99 Problems

Published on April 8th, 2014 | by Kim Hoffman



I thought I had escaped.

When my oldest daughter seemed uninterested in joining a certain national girls’ club (that shall remain unnamed) I breathed a huge sigh of relief. I had dropped out of this club in second grade, foreshadowing a lifelong path of non-conformity and,  as mothers often do,  I was secretly hoping my two daughters followed that same path.

So when 4th grade started and my daughter announced she wanted to join the troop with all her friends were in, I admit, I was a little bummed. She is a sweet, cautious, somewhat shy soul, so I knew this was not an impetuous whim; this decision was 3 years in the making.

“Are you sure? Really?” I asked, knowing what a silly question this was, as well as the response.

Yes, she was sure.

What I could do? Deny my daughter this all-American rite of passage?  I didn’t want to be a buzzkill mom so I smiled sweetly and said, “That’s great, let’s do it, Honey.” I knew it meant another activity to squeeze in, ironing things on sashes, and those dreaded, time and energy sucking cookie sales. Ironically, it was the thing she was MOST excited for, so I kept  my trap shut and my negativity buried deep within.


Why I hate The Cookies

 My disdain for The Cookies is not limited to all the obvious reasons a Northern California mom might object to them.. The Cookies’ nutritional value – or lack thereof – is certainly a bummer. Wheat-laden sugar bombs are not big sellers among my immediate circle of gluten-free, no sugar (or anything processed) Moms. (Ironically, there is a gluten free cookie out this year, but not in Northern California.  Really? Who decided another market would be more appropriate?)

We also cannot pawn off The Cookies to any of my activist friends, who are aghast that they are still not made with fair trade, organic chocolate but are still made with palm oil. What’s more, The Cookies are wrapped in excessive plastic and packaged in virgin cardboard boxes, which are printed with toxic inks, and on cardboard probably from old growth redwood trees.

Basically, The Cookies just suck.

Oh yes, and if you eat too many you will feel yucky.  There’s that obvious reason, too.

But my strongest argument against The Cookies is really just practical.  As a mom with three small kids, survival is a very delicate balance of activity juggling, carpooling, food prep and dishes, homework, and basic management of stuff. The stuff kids need, and then lose, that has to be tracked down and retrieved.

The frenzy to “Sell The Cookies” for two months upends our elaborate survival strategy. I have to find time in the already packed schedule to get my kid to the booth, supervise the booth, do more pick-ups and drop-offs, keep track of the money and inventory, and pimp out those The Cookies to anyone I can, against my better values.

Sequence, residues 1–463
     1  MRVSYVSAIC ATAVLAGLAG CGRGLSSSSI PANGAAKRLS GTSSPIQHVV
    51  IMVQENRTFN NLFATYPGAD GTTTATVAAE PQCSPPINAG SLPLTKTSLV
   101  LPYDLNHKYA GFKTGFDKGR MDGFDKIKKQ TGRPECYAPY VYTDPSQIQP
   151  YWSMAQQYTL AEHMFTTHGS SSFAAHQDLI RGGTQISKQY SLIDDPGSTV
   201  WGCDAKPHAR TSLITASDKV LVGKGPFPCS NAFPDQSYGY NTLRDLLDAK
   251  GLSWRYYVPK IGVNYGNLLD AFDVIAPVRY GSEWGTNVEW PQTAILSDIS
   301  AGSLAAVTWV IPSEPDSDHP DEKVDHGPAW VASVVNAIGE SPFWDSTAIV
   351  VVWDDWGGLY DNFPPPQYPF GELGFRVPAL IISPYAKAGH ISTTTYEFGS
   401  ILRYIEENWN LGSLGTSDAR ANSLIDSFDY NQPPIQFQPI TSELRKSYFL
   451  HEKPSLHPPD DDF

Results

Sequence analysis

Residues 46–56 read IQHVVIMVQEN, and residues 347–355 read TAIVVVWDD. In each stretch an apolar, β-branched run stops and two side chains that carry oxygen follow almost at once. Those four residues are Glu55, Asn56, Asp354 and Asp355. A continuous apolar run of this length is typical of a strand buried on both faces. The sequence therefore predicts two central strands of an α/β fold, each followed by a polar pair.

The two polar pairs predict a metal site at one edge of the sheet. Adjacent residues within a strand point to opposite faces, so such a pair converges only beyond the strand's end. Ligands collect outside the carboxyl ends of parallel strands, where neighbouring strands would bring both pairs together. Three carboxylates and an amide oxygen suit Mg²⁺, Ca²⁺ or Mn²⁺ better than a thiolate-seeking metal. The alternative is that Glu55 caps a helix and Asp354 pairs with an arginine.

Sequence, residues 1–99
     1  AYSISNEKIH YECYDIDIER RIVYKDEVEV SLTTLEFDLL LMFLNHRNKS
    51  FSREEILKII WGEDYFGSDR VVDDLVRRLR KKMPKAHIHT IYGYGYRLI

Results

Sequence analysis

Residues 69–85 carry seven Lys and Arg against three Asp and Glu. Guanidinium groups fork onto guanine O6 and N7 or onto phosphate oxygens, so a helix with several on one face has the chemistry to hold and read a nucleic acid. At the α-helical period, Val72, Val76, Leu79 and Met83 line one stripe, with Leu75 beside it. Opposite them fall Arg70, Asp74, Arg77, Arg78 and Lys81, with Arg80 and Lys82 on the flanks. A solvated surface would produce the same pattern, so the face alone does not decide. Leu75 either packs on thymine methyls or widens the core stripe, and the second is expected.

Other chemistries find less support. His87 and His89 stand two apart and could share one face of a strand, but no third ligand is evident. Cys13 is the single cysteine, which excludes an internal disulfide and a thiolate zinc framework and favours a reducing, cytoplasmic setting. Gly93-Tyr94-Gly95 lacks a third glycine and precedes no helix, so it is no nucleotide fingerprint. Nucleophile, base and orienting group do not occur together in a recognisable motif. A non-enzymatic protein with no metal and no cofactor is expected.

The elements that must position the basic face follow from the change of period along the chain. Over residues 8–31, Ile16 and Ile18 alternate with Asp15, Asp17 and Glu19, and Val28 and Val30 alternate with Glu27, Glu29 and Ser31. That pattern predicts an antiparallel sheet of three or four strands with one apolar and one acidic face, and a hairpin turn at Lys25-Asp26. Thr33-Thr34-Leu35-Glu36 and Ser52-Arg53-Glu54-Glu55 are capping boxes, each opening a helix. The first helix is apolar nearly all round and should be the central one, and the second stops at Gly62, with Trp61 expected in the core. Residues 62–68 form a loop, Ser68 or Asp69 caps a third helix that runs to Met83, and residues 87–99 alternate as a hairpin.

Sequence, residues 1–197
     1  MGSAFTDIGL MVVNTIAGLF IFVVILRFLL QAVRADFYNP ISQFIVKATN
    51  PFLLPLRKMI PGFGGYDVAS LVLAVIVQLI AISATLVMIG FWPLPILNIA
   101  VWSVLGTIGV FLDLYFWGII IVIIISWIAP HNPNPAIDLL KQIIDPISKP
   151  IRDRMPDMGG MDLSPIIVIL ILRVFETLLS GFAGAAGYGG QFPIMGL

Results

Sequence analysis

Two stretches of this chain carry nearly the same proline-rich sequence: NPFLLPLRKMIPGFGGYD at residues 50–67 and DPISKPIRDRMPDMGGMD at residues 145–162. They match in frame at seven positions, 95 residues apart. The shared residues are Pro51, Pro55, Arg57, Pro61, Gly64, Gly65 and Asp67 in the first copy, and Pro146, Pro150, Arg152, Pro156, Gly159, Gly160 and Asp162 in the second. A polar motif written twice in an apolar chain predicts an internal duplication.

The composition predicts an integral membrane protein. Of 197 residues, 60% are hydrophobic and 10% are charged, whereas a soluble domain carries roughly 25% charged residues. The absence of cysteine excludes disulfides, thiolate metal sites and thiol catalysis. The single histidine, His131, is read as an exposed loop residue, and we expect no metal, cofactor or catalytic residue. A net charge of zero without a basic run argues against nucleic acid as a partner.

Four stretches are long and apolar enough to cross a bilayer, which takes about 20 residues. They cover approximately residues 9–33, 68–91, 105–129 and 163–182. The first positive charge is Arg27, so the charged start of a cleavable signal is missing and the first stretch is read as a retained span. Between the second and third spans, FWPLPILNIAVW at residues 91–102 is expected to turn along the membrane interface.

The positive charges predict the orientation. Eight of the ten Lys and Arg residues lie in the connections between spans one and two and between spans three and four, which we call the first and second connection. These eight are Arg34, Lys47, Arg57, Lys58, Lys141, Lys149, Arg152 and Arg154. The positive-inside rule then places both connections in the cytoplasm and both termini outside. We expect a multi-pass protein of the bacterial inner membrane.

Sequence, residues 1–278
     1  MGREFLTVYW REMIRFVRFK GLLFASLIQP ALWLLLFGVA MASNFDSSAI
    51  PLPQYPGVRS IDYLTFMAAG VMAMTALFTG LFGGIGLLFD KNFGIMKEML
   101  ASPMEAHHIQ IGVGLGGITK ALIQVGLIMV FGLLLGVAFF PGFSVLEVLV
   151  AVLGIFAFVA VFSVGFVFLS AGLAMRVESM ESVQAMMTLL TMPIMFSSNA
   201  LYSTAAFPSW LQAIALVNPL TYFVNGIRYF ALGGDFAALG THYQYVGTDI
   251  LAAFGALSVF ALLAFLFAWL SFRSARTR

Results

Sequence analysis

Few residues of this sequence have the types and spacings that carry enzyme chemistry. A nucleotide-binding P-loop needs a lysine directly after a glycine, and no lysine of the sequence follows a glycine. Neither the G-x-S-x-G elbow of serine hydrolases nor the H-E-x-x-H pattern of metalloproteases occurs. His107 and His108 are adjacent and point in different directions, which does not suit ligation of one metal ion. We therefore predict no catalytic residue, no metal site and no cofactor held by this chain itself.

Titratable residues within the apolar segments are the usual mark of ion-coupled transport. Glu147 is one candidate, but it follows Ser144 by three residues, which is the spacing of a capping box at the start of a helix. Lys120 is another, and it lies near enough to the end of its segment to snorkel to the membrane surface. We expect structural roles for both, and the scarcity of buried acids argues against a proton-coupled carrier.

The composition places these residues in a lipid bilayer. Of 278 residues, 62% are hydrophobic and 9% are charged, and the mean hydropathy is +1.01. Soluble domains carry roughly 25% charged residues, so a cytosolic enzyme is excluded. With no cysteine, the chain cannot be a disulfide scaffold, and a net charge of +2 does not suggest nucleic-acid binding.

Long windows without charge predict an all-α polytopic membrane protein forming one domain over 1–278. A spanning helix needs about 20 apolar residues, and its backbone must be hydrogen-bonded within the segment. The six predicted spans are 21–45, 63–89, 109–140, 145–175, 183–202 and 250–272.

The Final Straw 

Then there was that Saturday night The Cookies nearly ruined me.  And by that I mean they ruined a hard-won night out – dinner, drinks, and a concert with husband and some friends. Our daughter was sleeping at her friends’ house, and that mom was going to take them to the cookie booth in the morning. I was scheduled to them pick up a few hours later. Check. My younger two kids were at home with a sitter. Check, check. I was liberated for a rare – and let’s not forget costly – night out. Post-dinner and several cocktails in, ready to get my groove on, the barrage of texts started.

Cookie Fanatic Mom wanted to “maximize cookie sales” the next day so she needed to “split teams up”, and the girls to need go to another place than originally planned, blah, blah, blah. Seriously? Now? Is Sat night not sacred and off-limits to this kind of logistical bullshit? Everything was all set and now, it was not.  This was a serious buzzkill.

Of course, my husband was NOT dealing with any of this, since this distinctly falls under MOM column.  He instructs me to relax while I waste an hour at a concert trying to figure out at what street corner to pick up our daughter up the next day, and at what time.

That night, I cracked: my hatred for The Cookies was solidified. Irrevocably.

Yes, I know people love The Cookies. They teach young girls those super awesome, American capitalist skills. It’s a social thing. It’s a math thing. I get it. Yes, I am annoyed, but I am first and foremost, a wise mom. I know to only unleash my rant about The Cookies on my husband, girlfriends, and you, dear reader. For the sake of my girl, I buck up and put my best game face on. In the midst of my fuming, I shift and  turn on my Mom survival skills. I breathe deep and do my best to “reframe” and “get positive”

It is with that in mind, I dig deep, and retrieve my own deeply buried capitalist hat and find the silver lining of this whole cookie season:  turns out the cookies are Kosher, which means my daughter and I sold the shit out of them at my son’s preschool Purim festival.

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About the Author

Kim Hoffman lives in Oakland, California with her husband and three children. In her previous life, she worked a retail buyer, clothing designer, fair trade importer, and in green business sales. These days, she strives for a balance of sanity and humor, while continuously feeding, schlepping, and nurturing her family of 5.

3 Responses to Kim Hoffman is HATING THE COOKIES

  1. Phaedra says:

    Sweet!!! I still would have bought 5 boxes!!

  2. Brian says:

    Way to “journal through your rage,” Hippie mom.

  3. Lisa says:

    I thoroughly enjoyed your nicely composed rant.

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